Research has found that “children growing up with a pet dog in the house are more likely to be heavy snorers as adults”, The Daily Telegraph reports. The newspaper says the study also found that growing up in a large family or suffering from respiratory or ear infections as a toddler were more likely to make you a snorer in later life.
This study found associations between various factors and snoring in later life. Some results were unsurprising, such as strong links between snoring and smoking and obesity. It also found links to some unexpected factors, including babies that lived in households with dogs were 26% more likely to snore as adults. However, the study has a number of limitations: it assessed snoring by questionnaire, relied on people’s childhood recollections, and categorised the responses into broad groups. Despite the large number of people who took part, associations found in a cross sectional survey do not prove causation. The results suggest there may be a number of factors that influence whether a person snores and it is not caused by any one factor alone.
Professor Karl A Franklin from University Hospital, Umeå, Sweden, and colleagues from various other hospitals and institutions in Sweden, Norway and Iceland, carried out the research. The study was funded by the Swedish Heart and Lung Foundation, and other Swedish, Icelandic, Norwegian, and Estonian research councils and foundations. The study was published in the (peer-reviewed) medical journal: Respiratory Research.
This was a cross sectional study in which the researchers aimed to investigate the associations between the environment during early life and snoring in adulthood.
Between 1999 and 2001, the researchers mailed questionnaires to a sample of people (aged 25 to 54) from population registers in selected cities in Iceland, Norway, Sweden, Denmark, and Estonia. The questionnaire assessed the participants’ sleepiness during the daytime and their loud and disturbing snoring during the last few months. The responses were never, less than once a week, 1-2 days a week, 3-5 days a week, or almost every day. The researchers defined habitual snoring as ‘loud and disturbing snoring at least three nights a week’ and daytime sleepiness as ‘feeling sleepy during the daytime at least 1-2 days a week’. The participants childhood environment was assessed by questions such as their mother’s age at their birth and whether she smoked while pregnant. Other questions asked if there were any pets in the home when they were born or as a child, if they had been hospitalised for respiratory infection before the age of two, their parents’ level of education, and the number of people living in the home before the age of five.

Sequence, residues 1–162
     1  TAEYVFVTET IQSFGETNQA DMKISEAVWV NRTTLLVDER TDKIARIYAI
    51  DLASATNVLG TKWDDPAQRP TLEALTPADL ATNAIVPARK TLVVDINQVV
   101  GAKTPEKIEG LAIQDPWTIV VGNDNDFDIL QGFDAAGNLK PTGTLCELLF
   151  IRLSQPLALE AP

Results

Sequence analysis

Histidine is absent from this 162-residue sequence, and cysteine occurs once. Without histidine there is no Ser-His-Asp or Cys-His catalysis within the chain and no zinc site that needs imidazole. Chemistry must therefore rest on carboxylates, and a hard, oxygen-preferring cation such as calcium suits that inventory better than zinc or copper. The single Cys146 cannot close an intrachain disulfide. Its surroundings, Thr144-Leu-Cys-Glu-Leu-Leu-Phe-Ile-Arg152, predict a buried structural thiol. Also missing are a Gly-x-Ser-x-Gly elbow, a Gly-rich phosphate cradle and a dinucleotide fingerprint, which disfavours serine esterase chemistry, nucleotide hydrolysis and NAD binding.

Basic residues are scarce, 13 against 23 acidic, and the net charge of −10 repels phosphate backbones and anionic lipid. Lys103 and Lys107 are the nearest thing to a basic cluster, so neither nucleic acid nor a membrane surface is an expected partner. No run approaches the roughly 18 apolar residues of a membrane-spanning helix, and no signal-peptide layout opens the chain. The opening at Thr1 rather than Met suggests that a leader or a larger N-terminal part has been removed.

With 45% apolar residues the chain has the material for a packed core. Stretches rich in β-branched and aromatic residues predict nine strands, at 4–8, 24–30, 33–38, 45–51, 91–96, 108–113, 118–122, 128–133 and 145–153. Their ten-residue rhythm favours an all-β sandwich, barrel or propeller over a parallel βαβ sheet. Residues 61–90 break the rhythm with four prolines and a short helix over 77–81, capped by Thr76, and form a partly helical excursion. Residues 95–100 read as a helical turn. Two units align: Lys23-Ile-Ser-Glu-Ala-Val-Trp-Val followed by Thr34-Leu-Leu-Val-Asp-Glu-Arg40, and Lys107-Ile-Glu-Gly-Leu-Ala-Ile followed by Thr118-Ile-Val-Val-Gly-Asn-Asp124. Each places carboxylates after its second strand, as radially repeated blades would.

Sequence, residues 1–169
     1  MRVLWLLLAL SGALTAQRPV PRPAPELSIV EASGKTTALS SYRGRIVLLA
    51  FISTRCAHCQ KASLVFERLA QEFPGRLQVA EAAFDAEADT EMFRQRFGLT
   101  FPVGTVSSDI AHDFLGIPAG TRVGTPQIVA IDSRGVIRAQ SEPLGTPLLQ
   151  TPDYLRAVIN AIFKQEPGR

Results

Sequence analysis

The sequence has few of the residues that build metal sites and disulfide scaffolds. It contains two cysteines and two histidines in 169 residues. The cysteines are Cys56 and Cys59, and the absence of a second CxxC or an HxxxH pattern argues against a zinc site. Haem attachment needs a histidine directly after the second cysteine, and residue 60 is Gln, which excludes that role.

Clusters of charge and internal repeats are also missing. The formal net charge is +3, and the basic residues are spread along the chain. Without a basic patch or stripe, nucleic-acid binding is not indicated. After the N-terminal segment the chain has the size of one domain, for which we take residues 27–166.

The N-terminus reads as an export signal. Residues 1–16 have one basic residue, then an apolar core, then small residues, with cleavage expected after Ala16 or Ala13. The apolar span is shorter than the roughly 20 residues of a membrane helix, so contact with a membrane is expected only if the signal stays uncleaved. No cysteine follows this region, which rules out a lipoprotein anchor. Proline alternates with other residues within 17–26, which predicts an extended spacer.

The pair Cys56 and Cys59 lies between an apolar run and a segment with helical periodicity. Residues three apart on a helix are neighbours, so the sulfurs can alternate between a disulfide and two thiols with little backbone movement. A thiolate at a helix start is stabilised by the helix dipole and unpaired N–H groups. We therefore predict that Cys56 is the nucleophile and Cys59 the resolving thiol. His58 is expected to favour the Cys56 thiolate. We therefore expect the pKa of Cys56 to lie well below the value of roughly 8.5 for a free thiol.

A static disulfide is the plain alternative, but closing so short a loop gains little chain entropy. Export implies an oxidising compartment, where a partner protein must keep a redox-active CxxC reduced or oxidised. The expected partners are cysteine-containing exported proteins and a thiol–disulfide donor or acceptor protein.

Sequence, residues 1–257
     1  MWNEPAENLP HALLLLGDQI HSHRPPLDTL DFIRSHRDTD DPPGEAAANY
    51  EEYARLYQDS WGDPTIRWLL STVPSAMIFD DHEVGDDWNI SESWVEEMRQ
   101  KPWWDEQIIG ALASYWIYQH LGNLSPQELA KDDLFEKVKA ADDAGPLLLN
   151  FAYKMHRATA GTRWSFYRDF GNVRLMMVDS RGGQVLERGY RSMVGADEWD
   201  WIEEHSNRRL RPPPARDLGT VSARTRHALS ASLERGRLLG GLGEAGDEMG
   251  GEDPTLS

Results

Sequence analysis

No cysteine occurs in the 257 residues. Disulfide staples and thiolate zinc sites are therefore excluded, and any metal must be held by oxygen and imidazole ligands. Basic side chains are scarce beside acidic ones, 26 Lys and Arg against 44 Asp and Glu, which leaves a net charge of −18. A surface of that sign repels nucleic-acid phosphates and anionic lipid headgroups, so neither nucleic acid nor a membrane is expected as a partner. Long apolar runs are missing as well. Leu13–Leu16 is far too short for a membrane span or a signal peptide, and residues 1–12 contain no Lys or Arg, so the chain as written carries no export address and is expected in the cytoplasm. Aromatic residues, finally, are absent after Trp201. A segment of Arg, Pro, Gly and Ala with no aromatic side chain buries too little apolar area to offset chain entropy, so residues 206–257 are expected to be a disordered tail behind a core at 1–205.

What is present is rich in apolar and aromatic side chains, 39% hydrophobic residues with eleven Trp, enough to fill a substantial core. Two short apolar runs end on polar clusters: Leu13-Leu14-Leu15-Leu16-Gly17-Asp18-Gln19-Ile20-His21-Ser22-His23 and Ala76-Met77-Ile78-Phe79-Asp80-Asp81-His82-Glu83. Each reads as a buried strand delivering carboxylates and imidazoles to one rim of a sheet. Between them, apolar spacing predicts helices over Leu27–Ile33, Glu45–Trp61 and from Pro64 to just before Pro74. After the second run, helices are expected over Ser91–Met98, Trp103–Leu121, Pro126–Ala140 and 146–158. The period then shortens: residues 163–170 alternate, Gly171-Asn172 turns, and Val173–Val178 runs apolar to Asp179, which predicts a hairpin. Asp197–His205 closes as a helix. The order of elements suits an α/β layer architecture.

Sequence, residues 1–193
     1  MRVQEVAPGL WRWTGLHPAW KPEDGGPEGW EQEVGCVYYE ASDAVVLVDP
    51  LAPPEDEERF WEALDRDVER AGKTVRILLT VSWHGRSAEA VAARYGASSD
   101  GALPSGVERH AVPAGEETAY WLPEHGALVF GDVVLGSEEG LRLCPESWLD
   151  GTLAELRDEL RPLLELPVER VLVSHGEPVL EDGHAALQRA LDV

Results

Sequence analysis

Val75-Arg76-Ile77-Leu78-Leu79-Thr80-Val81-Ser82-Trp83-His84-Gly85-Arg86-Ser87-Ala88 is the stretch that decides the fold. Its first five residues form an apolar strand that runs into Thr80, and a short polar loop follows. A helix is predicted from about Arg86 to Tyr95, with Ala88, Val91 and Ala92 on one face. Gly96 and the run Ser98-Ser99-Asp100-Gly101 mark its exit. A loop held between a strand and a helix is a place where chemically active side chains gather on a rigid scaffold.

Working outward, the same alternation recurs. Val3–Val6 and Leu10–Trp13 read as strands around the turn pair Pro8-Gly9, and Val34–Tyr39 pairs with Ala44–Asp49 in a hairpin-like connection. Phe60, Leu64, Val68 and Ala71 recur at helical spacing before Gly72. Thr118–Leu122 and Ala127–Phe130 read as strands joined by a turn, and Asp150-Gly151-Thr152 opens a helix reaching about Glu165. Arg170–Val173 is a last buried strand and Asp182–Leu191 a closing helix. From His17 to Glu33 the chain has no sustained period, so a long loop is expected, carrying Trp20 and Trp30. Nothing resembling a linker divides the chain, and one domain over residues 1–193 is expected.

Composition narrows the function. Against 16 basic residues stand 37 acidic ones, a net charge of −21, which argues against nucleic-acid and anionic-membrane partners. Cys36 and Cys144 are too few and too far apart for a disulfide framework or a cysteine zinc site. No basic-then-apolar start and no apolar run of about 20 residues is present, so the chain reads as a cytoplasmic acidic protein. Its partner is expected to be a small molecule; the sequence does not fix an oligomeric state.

Participants were also assessed on their current health including whether they had had an ‘asthma attack’ in the past 12 months, their current medications, allergies, smoking history, chronic bronchitis, current smoking, estimated BMI and type of housing. The researchers received responses from 16,190 people (74% of those approached). They then used statistical analyses to look at links between the different variables with snoring and daytime sleepiness.
More women than men responded to the questionnaire (53%) and respondents were on average significantly older than non-respondents (40 years). Of these, 18% (2,851 people) were categorised as ‘habitual snorers’. Compared to non-snorers, habitual snorers were significantly more likely to be older, male, to have higher BMI, to smoke, and to have self-reported asthma or chronic bronchitis. Fewer snorers reported that either parent had been educated to university level. Habitual snorers were also significantly more likely to have:
When the risk figures were calculated, participants who had a dog at home as a baby had an increased risk of snoring as an adult of 26%. Other factors that had greater increases in risk for snoring included chronic bronchitis, which increased risk by 133%, and an increase of BMI of 5kg/m2 increased risk by 82%. Other significant increased risks for snoring included being hospitalised for respiratory infection before age two (27%), ear infection (18%), increase in household size by one extra person (4%), allergic rhinitis (22%) and smoking (15%). Similar associations were seen for daytime sleepiness. However, when the researchers looked at ‘the adjusted proportion of snoring that could be explained by different risk factors, calculated as the population attributable fraction (PAF)’ they found that the greatest contributing factors were smoking (PAF 14.1%) and obesity (9.1%). The PAF for being exposed to a dog as a newborn was 3.4%.
The researchers conclude that being exposed to a dog as a newborn, having severe respiratory infections or recurrent ear infections in childhood or being from a large family, are environmental factors that are associated with snoring in adult life.
This research assessed a large number of people and found associations between a number of environmental and personal factors and snoring in adulthood. However, it is important to realise that associations found in a cross sectional survey to not prove causation. In particular, there are a number of limitations surrounding the method of data collection:
Although the news stories concentrated on the links to pets, particularly dogs, in the household; the research demonstrated links to numerous factors, smoking and BMI being the factors that contributed the greatest risk. This suggests that there may be a number of factors that influence whether a person snores or not. Based on the findings of this research alone, people should not be overly concerned about having a dog around their baby or child.